The streets of Colombo often host the tumultuous protests of unemployed university graduates. The government sometimes responds by giving the protesters positions in the state sector. At other times, they are met with water cannons and tear gas. But neither of these responses address the root causes that result in abnormally high graduate unemployment in the country.
Universities are expected to, among other things, conduct pure and applied research, offer solutions to social problems and train students for the academic and professional sectors.
In his 2008 study, R. G. Ariyawansa, a researcher at the University of Sri Jayewardenepura, noted that the students who graduate university have an expectation that they are guaranteed a top or mid-level job in a professional position. “Almost all Sri Lankan families believe that higher education is a secure path to higher employability for their children,” he said.
But out of the roughly 300,000 students that sit for the Advanced Level General Certificate of Examination every year, only 27, 600 receive admissions in universities in an average year. And even the fortunate few who make it into university soon find that their qualifications aren’t enough to secure employment.
“Therefore, some graduates engage in unskilled jobs with low salaries while others remain unemployed until the government provides opportunities.” Ariyawansa said. This manifests in frustration and unrest, as students protest for public sector jobs, or against private universities, which they fear will bring more competition to an already competitive job market.
These problems are not new, having been reported on since the academic year of 1959/60, and as a solution, the United Front Government recruited the first batch of unemployed graduates in 1970, and most recently, between July 2018 and July 2019, the government issued 21, 800 appointment letters to unemployed graduates.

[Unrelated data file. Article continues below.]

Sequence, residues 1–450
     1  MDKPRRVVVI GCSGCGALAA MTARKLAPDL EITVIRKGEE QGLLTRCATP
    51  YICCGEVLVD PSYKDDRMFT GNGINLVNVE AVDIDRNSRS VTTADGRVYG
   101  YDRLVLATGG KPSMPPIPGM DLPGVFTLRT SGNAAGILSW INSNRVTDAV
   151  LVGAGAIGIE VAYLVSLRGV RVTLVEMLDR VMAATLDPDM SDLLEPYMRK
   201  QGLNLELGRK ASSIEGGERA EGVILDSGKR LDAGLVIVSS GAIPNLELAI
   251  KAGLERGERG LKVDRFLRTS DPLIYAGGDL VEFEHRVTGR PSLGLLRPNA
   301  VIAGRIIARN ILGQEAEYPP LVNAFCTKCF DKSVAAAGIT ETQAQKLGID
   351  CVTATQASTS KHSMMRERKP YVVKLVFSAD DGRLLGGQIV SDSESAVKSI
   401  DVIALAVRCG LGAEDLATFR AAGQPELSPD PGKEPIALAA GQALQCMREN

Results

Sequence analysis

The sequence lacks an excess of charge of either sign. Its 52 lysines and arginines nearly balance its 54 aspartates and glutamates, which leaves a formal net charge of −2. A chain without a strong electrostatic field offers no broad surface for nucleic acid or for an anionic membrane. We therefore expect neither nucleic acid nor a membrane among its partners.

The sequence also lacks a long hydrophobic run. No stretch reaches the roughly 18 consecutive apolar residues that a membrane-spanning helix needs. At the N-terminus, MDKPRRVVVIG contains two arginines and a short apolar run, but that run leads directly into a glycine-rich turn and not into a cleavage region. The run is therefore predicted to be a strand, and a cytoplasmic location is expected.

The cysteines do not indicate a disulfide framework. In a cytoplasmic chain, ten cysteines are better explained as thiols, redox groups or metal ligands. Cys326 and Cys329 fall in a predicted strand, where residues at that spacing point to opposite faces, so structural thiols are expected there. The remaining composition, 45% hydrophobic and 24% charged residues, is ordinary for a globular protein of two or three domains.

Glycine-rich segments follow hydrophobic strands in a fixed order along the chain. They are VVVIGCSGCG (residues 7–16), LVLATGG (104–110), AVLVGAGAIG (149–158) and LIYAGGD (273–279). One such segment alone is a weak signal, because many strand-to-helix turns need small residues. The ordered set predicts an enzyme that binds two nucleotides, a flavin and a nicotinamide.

A Mismatch Of Skills And Education
The problem begins with the different degrees offered at universities, which offer students different job prospects. “Generally, the graduates who followed job-oriented courses, such as law, medicine, engineering, architecture, accountancy etc. can find jobs...” Ariyawansa explained.
These faculties guide their students towards properly defined jobs and often have links with professional bodies. But although they promise stable career paths, it is usually limited to one field.
Degrees in the social sciences and humanities, on the other hand, offer many options for study, but cannot guarantee jobs.
Most contemporary research has also highlighted that the skills of educated youth, especially those of Sri Lankan graduates, are not suited to private sector employment opportunities and job requirements. In 2009 the National Education Commission identified three main reasons for this: “negative attitudes”, “lack of communication skills”, and “lack of English knowledge.”
According to Kanaga Singam, a researcher at the Eastern University in Batticaloa, this is the result of a disparity between what is taught in universities and what is required by employers. “There is a mismatch between employers’ expectations and the quality of graduates. Therefore, there is a need to match the skills of graduates with the needs of the industry, he told Roar Media.